Airbnb says new government rules banning fraudulent listings ‘do not work’

Airbnb says the government’s proposed new fines for online platforms that display illegal short-term rental ads “won’t work”.

The company’s Public Policy Director in Ireland, Derek Nolan, was speaking in response to amended legislation making online short-term accommodation advertising platforms liable to property owners who fail to have the correct planning permission for their property to be used for the short-term. The government wants the new law to come into force from September.

Housing Secretary Darragh O’Brien says the new rules are being introduced to help free up more long-term accommodation in “rent pressure zones”.

Mr Nolan told the Irish Independent that the government’s lack of consultation with Airbnb and other online accommodation platforms about the new rules means they currently don’t know how to comply.

“It is still unclear what the commitments are and what is required,” he said. “We have no way of knowing whether or not a property is your primary private residence. And we see no point in taking stopgap measures that don’t solve the problem, rather than doing what the government has pledged to do from the start, which is to launch a national online registration system.”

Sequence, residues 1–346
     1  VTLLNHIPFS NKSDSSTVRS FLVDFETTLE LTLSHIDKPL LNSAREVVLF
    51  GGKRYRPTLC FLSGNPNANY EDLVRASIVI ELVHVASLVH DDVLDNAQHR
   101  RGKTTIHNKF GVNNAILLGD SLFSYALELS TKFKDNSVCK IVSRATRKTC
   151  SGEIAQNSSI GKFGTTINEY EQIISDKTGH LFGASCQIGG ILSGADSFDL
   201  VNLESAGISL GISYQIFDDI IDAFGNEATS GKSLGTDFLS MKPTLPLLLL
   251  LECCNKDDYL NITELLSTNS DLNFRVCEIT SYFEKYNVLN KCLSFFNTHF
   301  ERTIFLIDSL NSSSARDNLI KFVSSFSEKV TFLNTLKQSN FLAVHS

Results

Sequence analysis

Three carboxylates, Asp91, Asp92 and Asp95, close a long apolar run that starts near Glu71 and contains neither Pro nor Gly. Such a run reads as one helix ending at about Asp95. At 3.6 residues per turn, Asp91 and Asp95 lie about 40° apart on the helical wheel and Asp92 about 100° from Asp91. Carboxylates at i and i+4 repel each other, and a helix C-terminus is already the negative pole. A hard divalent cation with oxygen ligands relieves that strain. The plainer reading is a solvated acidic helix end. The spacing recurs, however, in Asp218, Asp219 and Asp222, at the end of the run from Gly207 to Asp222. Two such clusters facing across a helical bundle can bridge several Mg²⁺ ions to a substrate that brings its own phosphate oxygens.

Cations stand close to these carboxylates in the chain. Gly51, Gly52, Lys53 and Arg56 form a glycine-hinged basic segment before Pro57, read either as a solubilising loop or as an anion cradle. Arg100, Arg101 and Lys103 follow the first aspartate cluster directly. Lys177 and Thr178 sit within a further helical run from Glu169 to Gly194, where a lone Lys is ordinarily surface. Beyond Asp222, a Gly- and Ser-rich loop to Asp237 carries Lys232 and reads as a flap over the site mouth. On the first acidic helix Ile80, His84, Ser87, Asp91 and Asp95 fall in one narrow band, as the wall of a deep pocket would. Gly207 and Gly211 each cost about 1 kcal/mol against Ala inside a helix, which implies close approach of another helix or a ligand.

Last month Airbnb said it expects Ireland to follow other European countries in rolling out a government-backed registry for accommodation hosts, which would allow online platforms to identify which hosts have the right building permits.

Mr Nolan said the company “even at this late stage” remains open to consultations on the government’s proposed legislative changes.

“We have a reasonable expectation that we will be consulted and that the industry will be consulted,” he said. “This includes hosts and communities across Ireland that depend on guests and tourism.”

Figures from this week from show 342 rental properties in Dublin, while Airbnb has 376 whole home properties for a month in the same geographic area.

However, Airbnb has disputed whether the properties available on its site are direct substitutes for long-term rentals, claiming that many are temporarily vacant because owners are absent for short periods.

In 2019, Ireland passed rental regulations aimed at cracking down on property owners who benefit from more profitable, less regulated Airbnb listings.

The rules require a homeowner to obtain planning permission to use their home as a commercial rental facility. They also set a limit of 90 days per year for rentals, and no more than 14 days at a time.

But as Ireland is gripped by a deepening housing crisis, a number of commentators and politicians say the measures have had no effect.

Earlier this year, Sinn Fein introduced a Private Members Act aimed at penalizing platforms and websites that advertise properties that do not comply with Irish planning regulations. Airbnb says new government rules banning fraudulent listings ‘do not work’

Fry Electronics Team

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